With the recent revelations of serious and disturbing allegations of a pattern of sexual harassment, abuse, and assault by a former bishop, mission president, and university president, and against the backdrop of the broader cultural #metoo and #timesup movements, it pays to reflect on the spaces that are likely to harbor such behavior and to do a bit of checking to make sure there is no package that looks suspicious.
One reason to start with Religious Education at BYU, above all others, is that it is the most lopsidedly male unit in an already lopsidedly male university within a lopsidedly male ecclesiastical power structure. What is the male-female ratio of tenure-track (CFS) faculty? I count 70 total. Of those 70, how many female? 6. Six. (It might be closer to seven of 71 after this year’s round of hiring, and I could be off by one or two in either direction.) Let that sink in. SIXTY FOUR to SIX. NOT EVEN A TITHE OF THE FACULTY ARE WOMEN.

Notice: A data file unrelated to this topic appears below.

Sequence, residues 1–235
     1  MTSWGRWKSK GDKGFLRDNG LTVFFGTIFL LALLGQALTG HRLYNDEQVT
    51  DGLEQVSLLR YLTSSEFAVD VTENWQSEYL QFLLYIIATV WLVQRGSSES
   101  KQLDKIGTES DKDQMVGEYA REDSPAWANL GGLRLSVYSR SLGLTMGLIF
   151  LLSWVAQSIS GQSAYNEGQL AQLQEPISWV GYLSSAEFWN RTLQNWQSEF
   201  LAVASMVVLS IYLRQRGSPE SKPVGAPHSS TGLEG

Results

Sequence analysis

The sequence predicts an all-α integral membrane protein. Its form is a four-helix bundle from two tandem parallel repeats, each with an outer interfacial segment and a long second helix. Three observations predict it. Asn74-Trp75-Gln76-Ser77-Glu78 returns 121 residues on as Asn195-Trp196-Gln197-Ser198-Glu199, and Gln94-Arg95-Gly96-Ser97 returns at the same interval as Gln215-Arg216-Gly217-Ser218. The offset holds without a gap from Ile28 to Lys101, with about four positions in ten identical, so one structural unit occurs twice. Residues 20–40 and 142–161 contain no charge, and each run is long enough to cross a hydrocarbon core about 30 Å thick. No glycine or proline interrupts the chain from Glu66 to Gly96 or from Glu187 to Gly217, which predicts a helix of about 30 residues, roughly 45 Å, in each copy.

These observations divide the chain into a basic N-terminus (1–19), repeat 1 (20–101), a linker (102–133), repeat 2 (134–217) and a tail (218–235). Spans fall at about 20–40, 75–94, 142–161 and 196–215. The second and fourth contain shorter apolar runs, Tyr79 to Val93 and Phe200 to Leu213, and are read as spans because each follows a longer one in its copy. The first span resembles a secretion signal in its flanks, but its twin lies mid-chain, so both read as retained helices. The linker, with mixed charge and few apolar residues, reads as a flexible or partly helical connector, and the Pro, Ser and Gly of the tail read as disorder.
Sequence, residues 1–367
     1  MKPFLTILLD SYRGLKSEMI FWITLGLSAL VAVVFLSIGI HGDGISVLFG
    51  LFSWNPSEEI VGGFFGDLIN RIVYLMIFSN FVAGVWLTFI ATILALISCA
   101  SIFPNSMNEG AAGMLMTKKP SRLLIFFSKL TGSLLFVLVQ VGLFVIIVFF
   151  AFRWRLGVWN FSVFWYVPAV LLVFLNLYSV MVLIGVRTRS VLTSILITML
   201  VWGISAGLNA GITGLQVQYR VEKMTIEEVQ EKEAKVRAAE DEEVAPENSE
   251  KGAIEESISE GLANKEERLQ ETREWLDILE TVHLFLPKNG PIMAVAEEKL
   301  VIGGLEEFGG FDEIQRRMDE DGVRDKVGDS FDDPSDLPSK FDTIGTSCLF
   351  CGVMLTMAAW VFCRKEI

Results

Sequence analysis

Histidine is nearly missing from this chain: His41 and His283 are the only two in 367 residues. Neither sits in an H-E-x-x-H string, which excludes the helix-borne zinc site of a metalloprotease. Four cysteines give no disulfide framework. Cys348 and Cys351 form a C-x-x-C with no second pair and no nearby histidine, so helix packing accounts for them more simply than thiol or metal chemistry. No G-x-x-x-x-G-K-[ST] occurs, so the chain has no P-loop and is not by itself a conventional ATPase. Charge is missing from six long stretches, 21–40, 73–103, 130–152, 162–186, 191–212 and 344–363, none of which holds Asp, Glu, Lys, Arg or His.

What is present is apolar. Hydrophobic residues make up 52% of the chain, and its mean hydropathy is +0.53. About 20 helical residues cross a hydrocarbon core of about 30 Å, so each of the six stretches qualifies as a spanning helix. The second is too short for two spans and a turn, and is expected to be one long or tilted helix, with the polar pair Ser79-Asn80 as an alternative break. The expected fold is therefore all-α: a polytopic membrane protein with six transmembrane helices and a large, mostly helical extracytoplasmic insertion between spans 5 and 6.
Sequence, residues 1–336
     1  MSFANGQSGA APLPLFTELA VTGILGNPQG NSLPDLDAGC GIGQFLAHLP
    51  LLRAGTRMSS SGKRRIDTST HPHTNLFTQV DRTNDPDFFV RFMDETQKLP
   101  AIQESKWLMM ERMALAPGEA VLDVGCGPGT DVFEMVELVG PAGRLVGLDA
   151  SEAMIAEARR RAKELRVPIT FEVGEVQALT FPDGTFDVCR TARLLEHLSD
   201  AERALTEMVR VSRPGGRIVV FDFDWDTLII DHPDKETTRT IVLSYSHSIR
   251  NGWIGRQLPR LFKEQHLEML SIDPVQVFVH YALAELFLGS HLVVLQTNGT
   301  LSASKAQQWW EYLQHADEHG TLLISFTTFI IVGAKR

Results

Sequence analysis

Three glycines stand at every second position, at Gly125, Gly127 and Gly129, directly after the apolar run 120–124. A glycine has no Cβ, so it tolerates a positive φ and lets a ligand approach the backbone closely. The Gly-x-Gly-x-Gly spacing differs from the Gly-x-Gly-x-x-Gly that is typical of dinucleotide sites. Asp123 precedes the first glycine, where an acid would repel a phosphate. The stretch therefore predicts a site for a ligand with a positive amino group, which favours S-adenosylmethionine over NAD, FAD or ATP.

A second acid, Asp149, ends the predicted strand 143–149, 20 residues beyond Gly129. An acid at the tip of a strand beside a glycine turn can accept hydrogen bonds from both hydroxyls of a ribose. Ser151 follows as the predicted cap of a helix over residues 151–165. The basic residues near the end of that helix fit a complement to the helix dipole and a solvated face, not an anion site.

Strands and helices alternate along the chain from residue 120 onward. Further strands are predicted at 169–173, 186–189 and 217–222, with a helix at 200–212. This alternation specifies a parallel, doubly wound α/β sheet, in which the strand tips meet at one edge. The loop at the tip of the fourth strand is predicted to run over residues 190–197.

Joe Bishop was in just such a lopsided institutional organization. He was always in a position of power over women. He was always protected and insulated from his consequences by that institution. He wielded his power against his enemies, and there was a distinct gendered component to it even where it was not overtly sexual. Is it possible that other Joe Bishops will be uncovered in an environment that may have an immune system only weakly incentivized by the appropriate moral compass to root out infections of his kind?
So, if I were the Church, in addition to addressing the inherent problems in a severely lopsided gendered leadership, I would take a careful look at Religious Education. I would ask a series of detailed questions and follow up with the full means available. Most of these questions are probably already being asked by the Title IX office. But for hypothetical purposes, I’ll take a stab. This is of course an incomplete list. Continue reading “BYU’s Religious Education: A Ticking Time Bomb in the #metoo Era?”